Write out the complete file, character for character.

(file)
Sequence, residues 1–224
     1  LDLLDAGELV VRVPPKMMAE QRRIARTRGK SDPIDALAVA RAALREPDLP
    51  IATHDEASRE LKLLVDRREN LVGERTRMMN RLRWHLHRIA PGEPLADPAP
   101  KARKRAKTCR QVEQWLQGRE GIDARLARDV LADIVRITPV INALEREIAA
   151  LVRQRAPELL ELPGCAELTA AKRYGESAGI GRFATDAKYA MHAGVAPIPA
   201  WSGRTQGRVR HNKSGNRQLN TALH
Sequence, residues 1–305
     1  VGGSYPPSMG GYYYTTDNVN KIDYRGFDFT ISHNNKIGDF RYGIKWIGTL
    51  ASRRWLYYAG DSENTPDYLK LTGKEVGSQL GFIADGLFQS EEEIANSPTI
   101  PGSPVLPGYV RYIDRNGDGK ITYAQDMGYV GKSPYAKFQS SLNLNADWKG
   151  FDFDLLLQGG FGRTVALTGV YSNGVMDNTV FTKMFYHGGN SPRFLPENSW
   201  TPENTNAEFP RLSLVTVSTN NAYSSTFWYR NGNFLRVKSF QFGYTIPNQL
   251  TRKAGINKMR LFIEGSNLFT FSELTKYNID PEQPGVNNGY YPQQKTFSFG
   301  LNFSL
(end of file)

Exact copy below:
Sequence, residues 1–224
     1  LDLLDAGELV VRVPPKMMAE QRRIARTRGK SDPIDALAVA RAALREPDLP
    51  IATHDEASRE LKLLVDRREN LVGERTRMMN RLRWHLHRIA PGEPLADPAP
   101  KARKRAKTCR QVEQWLQGRE GIDARLARDV LADIVRITPV INALEREIAA
   151  LVRQRAPELL ELPGCAELTA AKRYGESAGI GRFATDAKYA MHAGVAPIPA
   201  WSGRTQGRVR HNKSGNRQLN TALH
Sequence, residues 1–305
     1  VGGSYPPSMG GYYYTTDNVN KIDYRGFDFT ISHNNKIGDF RYGIKWIGTL
    51  ASRRWLYYAG DSENTPDYLK LTGKEVGSQL GFIADGLFQS EEEIANSPTI
   101  PGSPVLPGYV RYIDRNGDGK ITYAQDMGYV GKSPYAKFQS SLNLNADWKG
   151  FDFDLLLQGG FGRTVALTGV YSNGVMDNTV FTKMFYHGGN SPRFLPENSW
   201  TPENTNAEFP RLSLVTVSTN NAYSSTFWYR NGNFLRVKSF QFGYTIPNQL
   251  TRKAGINKMR LFIEGSNLFT FSELTKYNID PEQPGVNNGY YPQQKTFSFG
   301  LNFSL